programming ux

Pointing will still be the way to express nouns as we command our machines; speech is surely the right way to express the verbs.

I found it somewhere in The Mythical Man-Month. While the context1 sets the line philosophically against the idea of a WIMPish interface and pushed for more natural modes, I like the blending of pointing with speech which doesn't commit to total conversational mode of interaction.

Most of the works in acoustic interfaces these days go completely towards one extreme by pitching for full conversational interfaces. These are definitely nice but, at least for whatever I do with computers on a regular basis, they are inefficient, unless I have assured, exhaustive and complete high level abstractions. There is nothing new in the fact that, for a known domain, you can create highly expressive and efficient interfaces which look overall unintuitive.

Interfaces differ based on the amount of attention needed to get the real task done. Asking for weather shouldn't really need attention to be put towards any specific device. Nor should accumulating numbers and counts. These are what we can call hands-in-the-batter use cases where the focal point is a working mechanism, like a vessel full of batter, which is separate from the assisting mechanism, like a laptop listing recipes. The assistance is not inherently bound to a certain mode of operation and thus can be made less interfering. This is the place where we ended up adding a lot of consumer devices in the past and are now making them go away by adopting more natural systems like conversational assistants.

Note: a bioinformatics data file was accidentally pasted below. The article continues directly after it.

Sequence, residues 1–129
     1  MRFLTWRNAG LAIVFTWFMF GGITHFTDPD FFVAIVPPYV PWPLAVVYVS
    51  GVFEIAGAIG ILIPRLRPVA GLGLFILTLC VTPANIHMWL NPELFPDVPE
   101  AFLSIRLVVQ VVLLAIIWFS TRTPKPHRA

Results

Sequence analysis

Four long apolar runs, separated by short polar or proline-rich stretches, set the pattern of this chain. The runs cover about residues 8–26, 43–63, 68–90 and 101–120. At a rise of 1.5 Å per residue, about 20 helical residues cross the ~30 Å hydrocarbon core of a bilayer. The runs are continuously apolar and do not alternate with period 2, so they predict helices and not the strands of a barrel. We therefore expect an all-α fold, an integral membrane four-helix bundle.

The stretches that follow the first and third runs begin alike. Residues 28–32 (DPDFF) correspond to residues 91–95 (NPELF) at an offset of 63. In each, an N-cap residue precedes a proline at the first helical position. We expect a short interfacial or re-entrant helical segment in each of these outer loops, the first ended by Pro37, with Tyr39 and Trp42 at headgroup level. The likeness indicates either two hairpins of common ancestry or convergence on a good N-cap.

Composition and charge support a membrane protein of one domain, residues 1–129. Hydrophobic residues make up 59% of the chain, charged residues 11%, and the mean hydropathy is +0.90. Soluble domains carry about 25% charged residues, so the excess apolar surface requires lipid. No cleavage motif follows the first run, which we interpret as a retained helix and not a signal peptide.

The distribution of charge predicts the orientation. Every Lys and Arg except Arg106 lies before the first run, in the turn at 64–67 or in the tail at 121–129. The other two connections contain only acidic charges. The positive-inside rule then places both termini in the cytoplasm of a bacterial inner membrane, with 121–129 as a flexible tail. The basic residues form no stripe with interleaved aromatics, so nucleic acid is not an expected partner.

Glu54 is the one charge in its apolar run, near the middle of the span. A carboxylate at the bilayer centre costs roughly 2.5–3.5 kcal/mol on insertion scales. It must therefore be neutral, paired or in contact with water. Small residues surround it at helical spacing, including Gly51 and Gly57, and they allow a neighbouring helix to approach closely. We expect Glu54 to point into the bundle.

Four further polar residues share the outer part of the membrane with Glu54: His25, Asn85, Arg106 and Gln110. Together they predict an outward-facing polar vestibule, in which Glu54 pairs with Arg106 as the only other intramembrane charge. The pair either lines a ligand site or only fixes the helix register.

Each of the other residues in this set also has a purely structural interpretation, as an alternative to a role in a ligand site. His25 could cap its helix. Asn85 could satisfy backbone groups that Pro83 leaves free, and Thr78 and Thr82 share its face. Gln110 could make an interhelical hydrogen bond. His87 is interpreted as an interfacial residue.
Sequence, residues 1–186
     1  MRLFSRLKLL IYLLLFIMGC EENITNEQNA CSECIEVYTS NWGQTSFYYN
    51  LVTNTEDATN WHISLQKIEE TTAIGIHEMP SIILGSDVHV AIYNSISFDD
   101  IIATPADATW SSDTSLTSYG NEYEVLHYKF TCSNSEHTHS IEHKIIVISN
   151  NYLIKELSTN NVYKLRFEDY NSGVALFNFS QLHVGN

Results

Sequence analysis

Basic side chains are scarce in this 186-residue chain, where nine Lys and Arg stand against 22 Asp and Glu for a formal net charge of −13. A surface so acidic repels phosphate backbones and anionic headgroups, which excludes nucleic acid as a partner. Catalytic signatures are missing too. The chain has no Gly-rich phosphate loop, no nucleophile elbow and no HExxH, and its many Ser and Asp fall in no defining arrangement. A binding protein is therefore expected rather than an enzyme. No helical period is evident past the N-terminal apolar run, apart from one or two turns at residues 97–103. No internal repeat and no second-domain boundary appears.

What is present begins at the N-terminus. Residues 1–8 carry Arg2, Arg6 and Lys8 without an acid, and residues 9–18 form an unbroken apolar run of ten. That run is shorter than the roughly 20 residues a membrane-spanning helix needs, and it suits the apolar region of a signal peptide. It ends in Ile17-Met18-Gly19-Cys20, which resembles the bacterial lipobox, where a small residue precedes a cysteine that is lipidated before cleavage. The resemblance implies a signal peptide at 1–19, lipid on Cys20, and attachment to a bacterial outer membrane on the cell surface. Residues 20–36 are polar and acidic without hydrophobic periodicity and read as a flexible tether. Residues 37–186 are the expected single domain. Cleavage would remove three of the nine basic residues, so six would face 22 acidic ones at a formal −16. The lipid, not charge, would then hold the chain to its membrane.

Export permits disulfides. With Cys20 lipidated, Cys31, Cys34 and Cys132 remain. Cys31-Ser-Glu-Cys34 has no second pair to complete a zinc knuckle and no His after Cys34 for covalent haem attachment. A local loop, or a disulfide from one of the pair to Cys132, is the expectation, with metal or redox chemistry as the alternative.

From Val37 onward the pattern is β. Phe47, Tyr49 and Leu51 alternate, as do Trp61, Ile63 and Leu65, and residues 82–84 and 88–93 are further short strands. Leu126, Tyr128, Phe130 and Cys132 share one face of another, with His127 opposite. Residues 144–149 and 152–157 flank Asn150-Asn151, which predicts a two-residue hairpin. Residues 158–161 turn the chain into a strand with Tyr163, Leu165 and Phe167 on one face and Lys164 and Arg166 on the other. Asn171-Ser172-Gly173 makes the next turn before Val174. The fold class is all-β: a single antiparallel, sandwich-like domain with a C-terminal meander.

But there are, and will be, use cases which don't have such separations. Mostly in situations involving professionals at work. Unintuitive modes are accepted here as they can be made much more expressive for these domain. As an example consider operating computers completely with a keyboard. This needs knowledge of text-ish capabilities and a little training time which is not something everyone will want to spend time on. While many of these use cases are not really needed if you consider the future, there is a potential at present to sneak in unintuitive acoustic input and feedback mechanisms.

The kind of diversity we see in visual interface design is staggering. Many are experimental to be fair, but the amount of experimentation is much higher than in audio where most of the interesting ideas I have seen are in video games and art installations. Maybe the pool of possibilities itself is much smaller here, but let's try dipping toes around. In this weekend, I will try to make a list of possible acoustic interfaces, no speech, that make sense for my use cases and see if I can get something useful out of them.



I found it under The fate of WIMP: Obsolescence